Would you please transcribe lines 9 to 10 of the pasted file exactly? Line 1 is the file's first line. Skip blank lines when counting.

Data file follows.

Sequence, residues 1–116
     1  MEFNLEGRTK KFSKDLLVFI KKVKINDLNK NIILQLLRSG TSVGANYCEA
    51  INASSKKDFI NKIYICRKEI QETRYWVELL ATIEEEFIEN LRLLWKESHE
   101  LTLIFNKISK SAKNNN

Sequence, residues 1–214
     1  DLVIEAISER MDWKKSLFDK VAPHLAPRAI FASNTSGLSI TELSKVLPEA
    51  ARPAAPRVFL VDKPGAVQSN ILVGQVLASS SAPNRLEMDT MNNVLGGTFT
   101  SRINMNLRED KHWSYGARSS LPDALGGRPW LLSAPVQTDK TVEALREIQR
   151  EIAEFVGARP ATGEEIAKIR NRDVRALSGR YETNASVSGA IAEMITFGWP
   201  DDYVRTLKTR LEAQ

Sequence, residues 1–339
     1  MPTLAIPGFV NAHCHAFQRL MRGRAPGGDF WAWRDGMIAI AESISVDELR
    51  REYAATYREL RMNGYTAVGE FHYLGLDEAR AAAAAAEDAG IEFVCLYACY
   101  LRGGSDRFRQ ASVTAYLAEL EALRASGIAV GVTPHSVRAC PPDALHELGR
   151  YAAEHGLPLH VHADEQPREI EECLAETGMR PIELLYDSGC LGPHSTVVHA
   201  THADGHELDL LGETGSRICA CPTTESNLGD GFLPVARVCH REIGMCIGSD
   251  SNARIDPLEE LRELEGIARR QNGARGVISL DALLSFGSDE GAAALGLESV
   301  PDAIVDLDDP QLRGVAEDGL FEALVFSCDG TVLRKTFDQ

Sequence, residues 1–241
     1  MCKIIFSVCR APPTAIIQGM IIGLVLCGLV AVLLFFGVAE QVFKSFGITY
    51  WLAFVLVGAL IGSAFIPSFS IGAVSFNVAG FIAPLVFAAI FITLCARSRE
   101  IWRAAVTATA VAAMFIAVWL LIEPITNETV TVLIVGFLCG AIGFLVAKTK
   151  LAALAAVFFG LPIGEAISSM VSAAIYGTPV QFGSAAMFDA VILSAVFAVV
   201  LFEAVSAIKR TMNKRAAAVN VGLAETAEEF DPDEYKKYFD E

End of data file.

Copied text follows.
   151  EIAEFVGARP ATGEEIAKIR NRDVRALSGR YETNASVSGA IAEMITFGWP
   201  DDYVRTLKTR LEAQ